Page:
Objective: Mobile populations are thought to be at high risk for HIV-1 infection. This study aims to determine the prevalence of HIV-1 infection, HIV-1 subtypes and socio-demographic and behavioural risk factors among fishermen in the Gulf of Thailand and the Andaman Sea.
Methods: A cross-sectional survey, consisting of face-to-face interviews and the collection of oral fluid samples, was conducted in Samut Sakorn, Ranong, Songkhla and Traat Provinces, Thailand, between January and April 1998. Oral fluid samples were double-tested for HIV-1 antibody by IgG antibody capture enzyme-linked immunosorbent assay and enzyme immunoassay, and confirmed by Western blot. The presence of subtypes B' and E was assessed using a peptide enzyme immunoassay.
Results: Of the 818 fishermen (582 Thai, 137 Burmese, 99 Khmer) 15.5% were HIV-1 positive: 14.6% among Thai, 16.1% among Burmese and 20.2% among Khmer. Of the 119 HIV-1 positive samples available for subtyping, 72 (61%) were subtype E, 15 (13%) were subtype B'; the subtype could not be determined for 32 (27%) samples. Sixteen per cent of subjects had ever visited a commercial sex worker outside Thailand. This behaviour was more prevalent among Khmer (40%) than among Thai and Burmese (12%). In univariate logistic regression analysis, being 25 to 32 years of age, compared with being older or younger; working as a fisherman between 4 and 10 years, compared with working for a shorter or longer period; being unmarried; being a steersman or mechanic, compared with being a skipper or ship hand; greater number of visits to commercial sex workers; having visited a commercial sex worker outside Thailand; alcohol or drug use before or during sex; being tattooed; and having a history of sexually transmitted disease were significantly related to prevalent HIV-1 infection. Male-to-male sex and injection drug use were rarely reported in this population. In multivariate analysis, being 25 to 32 years of age, being unmarried, having a tattoo and a greater number of visits to commercial sex workers remained in the model to predict HIV-1 prevalence. A history of drug injection was predictive for infection with HIV-1 subtype B'.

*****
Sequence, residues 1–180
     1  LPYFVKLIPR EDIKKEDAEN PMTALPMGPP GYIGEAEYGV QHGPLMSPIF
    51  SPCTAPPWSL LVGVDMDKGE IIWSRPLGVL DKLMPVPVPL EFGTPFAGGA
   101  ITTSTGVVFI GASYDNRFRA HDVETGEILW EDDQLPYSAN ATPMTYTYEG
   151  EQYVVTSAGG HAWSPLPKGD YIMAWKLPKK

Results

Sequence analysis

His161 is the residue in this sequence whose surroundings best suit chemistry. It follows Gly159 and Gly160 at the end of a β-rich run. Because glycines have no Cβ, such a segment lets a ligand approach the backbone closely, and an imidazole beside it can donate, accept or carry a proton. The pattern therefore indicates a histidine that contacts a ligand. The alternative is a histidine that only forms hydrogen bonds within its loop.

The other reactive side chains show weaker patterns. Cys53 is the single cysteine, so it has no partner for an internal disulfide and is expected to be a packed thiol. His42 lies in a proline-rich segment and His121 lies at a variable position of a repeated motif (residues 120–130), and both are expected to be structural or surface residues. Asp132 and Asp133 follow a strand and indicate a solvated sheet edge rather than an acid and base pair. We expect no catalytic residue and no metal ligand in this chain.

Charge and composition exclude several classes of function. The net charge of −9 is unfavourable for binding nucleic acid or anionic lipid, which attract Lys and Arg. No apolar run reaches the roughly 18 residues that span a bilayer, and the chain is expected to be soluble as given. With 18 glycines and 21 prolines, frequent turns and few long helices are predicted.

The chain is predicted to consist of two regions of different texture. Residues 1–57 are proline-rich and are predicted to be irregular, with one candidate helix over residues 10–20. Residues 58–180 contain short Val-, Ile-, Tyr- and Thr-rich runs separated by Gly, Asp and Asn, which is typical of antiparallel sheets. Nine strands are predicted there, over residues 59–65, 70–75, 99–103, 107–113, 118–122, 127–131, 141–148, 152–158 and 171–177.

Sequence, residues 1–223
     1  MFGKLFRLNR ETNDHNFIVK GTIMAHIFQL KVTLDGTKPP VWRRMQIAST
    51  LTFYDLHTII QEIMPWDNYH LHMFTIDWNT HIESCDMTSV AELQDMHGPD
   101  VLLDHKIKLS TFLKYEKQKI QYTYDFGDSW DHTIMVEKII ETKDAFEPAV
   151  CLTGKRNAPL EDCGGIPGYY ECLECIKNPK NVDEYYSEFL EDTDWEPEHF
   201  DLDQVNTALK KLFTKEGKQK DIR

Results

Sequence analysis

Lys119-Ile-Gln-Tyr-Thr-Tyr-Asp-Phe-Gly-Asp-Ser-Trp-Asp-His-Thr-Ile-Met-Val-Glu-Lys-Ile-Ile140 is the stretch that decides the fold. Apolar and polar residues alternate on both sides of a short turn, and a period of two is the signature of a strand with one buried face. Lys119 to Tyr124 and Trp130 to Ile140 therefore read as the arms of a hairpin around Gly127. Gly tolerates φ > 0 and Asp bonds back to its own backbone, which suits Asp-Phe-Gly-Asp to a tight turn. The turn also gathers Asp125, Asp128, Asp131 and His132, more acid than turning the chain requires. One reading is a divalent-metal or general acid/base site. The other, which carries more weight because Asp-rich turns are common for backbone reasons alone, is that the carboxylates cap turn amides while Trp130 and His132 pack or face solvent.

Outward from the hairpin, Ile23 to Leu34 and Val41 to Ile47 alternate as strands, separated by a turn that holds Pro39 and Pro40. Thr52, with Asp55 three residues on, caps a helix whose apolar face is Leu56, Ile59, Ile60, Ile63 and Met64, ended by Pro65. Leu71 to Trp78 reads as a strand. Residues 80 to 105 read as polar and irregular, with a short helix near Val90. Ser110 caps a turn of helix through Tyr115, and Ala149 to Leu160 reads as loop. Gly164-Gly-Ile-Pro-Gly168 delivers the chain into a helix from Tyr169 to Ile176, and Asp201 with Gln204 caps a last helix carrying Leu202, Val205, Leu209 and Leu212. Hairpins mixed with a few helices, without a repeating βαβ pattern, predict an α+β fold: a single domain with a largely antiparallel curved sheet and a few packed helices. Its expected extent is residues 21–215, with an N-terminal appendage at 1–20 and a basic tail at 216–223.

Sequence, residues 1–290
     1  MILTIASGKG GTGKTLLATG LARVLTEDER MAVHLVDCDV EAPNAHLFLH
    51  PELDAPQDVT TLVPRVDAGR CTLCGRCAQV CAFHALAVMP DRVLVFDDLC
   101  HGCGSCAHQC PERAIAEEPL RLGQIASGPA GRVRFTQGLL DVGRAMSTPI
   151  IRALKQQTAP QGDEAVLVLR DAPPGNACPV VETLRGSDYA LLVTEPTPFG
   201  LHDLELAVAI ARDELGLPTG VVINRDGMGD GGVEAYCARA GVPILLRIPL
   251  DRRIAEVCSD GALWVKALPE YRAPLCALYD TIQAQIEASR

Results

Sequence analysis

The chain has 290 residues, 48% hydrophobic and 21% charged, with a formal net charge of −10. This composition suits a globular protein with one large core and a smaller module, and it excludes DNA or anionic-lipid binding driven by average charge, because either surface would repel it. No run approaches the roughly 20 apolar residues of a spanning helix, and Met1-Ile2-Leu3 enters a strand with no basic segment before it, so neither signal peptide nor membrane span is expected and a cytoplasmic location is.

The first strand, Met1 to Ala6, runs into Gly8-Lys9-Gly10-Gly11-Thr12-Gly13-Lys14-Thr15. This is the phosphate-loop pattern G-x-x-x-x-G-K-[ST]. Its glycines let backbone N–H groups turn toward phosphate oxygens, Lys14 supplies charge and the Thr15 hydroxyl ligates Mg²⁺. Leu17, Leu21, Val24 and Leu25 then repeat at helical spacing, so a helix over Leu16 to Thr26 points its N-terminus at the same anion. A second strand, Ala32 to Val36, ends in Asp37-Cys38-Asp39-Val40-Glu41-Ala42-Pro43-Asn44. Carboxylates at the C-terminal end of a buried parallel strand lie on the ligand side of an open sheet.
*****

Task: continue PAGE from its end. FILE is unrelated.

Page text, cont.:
Conclusions: These findings indicate a high HIV-1 prevalence among fishermen in the Gulf of Thailand and the Andaman Sea. Risk factor analysis suggests that heterosexual intercourse is the major mode of transmission in this population. Increased efforts to reduce the spread of HIV-1 among this epidemiologically important group are urgently needed.